Know The Difference Between Pecuniary And Non-Pecuniary Damages

The law is complex, any personal injury lawyer will inform you of that. In addition, civil law is broad and includes many variants of damages you can file a lawsuit for in court and win monetary awards in a settlement against the defense. One of the main types of damages in civil law is compensatory damage that can be further divided as pecuniary and non-pecuniary damages.

What is a compensatory damage?

An explanation of pecuniary and non-pecuniary damages from your lawyer will fall on deaf ears if you have no idea what compensatory damage is. You sustain compensatory damage whenever you are involved in an incident (not necessarily an accident) which causes you bodily injury and/or property damage, or other similar losses. They must all be connected to the incident that has caused you substantial grief in order to be considered compensatory damages.

What is a pecuniary damage?

Once you know what compensatory damage is, your Injury Lawyer in Barrie can explain what pecuniary damage is. This type of damage can be measured in monetary or financial terms. In other words, it is quantifiable. It is because of this status that they are the subject of most cases. These are:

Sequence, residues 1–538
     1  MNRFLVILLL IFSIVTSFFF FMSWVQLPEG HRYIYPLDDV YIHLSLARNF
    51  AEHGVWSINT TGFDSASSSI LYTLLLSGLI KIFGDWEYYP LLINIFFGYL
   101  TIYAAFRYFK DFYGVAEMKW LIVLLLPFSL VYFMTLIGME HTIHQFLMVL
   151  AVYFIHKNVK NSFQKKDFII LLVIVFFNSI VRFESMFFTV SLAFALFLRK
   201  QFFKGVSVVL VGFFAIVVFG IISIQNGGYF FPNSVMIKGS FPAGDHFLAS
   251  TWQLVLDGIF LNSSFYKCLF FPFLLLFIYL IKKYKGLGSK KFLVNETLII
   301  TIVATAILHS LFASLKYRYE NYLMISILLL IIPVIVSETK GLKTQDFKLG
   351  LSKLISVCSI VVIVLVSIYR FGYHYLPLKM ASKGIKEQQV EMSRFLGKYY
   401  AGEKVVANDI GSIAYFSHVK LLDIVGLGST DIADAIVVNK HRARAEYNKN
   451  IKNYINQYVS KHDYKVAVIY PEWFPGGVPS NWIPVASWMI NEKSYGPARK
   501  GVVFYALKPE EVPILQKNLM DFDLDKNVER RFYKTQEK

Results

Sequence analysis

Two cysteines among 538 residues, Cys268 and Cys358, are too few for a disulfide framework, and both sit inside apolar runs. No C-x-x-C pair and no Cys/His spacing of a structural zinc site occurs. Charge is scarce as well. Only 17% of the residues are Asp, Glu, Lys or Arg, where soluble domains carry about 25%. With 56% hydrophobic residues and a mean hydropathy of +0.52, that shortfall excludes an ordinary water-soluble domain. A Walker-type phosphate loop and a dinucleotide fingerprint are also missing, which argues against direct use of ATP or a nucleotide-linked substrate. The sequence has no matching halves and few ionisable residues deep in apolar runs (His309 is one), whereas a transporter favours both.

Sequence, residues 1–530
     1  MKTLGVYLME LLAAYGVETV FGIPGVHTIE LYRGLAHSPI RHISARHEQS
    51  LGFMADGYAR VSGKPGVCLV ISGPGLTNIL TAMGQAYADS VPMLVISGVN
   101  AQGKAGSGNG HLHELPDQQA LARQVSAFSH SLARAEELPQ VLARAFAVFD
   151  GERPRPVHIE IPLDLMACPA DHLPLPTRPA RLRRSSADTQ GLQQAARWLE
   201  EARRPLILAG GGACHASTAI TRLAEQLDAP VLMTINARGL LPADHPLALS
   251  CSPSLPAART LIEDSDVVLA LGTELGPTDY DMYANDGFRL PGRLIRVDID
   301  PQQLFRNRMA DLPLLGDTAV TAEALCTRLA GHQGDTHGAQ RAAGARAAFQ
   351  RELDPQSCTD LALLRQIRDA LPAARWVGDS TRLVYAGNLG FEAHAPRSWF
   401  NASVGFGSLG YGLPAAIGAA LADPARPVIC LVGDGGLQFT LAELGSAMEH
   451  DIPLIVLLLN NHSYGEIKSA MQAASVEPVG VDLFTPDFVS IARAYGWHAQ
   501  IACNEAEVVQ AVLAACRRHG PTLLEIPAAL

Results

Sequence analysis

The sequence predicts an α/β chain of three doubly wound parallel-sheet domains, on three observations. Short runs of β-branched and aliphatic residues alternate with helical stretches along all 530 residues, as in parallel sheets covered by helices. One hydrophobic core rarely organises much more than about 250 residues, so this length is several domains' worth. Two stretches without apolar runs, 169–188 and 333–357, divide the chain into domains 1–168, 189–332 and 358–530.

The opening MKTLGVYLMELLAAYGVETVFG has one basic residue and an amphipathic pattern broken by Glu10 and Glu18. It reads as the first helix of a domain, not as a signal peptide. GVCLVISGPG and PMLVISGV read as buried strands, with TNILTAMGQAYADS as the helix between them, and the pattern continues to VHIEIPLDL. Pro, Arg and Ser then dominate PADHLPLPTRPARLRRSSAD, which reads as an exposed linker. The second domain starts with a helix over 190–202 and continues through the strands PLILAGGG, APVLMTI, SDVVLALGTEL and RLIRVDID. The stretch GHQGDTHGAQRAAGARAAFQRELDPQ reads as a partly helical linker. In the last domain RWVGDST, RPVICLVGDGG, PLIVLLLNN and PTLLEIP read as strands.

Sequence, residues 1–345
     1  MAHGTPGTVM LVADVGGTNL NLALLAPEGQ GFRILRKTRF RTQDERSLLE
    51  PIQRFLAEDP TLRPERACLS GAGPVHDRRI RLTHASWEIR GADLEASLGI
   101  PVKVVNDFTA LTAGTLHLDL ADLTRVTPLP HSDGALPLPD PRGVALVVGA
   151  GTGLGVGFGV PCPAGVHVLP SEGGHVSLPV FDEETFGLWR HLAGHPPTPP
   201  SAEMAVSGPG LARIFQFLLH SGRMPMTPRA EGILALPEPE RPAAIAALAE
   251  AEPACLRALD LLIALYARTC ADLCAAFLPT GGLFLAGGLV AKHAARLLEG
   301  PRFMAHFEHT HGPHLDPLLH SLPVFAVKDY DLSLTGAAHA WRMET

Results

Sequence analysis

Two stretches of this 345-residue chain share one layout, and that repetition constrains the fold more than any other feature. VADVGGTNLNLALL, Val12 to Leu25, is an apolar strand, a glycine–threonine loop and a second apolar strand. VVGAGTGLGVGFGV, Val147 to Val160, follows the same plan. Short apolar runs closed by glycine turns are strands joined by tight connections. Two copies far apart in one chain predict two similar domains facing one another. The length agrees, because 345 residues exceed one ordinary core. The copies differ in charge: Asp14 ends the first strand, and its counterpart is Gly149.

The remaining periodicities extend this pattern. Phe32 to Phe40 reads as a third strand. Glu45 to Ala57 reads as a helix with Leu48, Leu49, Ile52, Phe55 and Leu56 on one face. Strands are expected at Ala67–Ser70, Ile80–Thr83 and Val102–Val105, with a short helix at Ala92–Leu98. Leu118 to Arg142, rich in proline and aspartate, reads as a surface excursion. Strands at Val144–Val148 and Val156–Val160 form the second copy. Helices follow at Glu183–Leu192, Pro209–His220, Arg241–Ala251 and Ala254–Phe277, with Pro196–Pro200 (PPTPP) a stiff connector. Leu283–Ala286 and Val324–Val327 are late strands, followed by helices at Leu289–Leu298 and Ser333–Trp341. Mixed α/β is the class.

● Any medical expenses
● Lost income/wages
● Cost of future care if you are partially or permanently disabled
● Physical damage that includes bodily injury and property damage

You will need the compensation to tide over this difficult time in your life and that is why keep all documents pertaining to the accident safe.

Non-pecuniary damage

Your personal injury lawyer will inform you that non-pecuniary damage is qualitative damage or damage which can’t be clearly measured in monetary or financial terms but still cause you financial damage, such as:

● Pain and suffering – a good example would be the depression and mental illness you suffered which cost you your job
● Emotional trauma which includes any anxiety you may have endured because of the incident
● Disabilities that affect personal/professional relationships. This includes any loss of mental or cognitive facility which may result from the long-term effects of brain damage. Impairment of life can also lead your spouse to leave you
● Effect on mental and/or physical abilities. You can lose your ability to walk, use your hands, or think clearly because of your illness
● Lost future income or wages. This can cause you to go into substantial debt and may even force you to declare bankruptcy.

You can win a civil lawsuit. Though complex, civil law is not impossible to navigate provided you hire a good lawyer and are aware of the information mentioned above.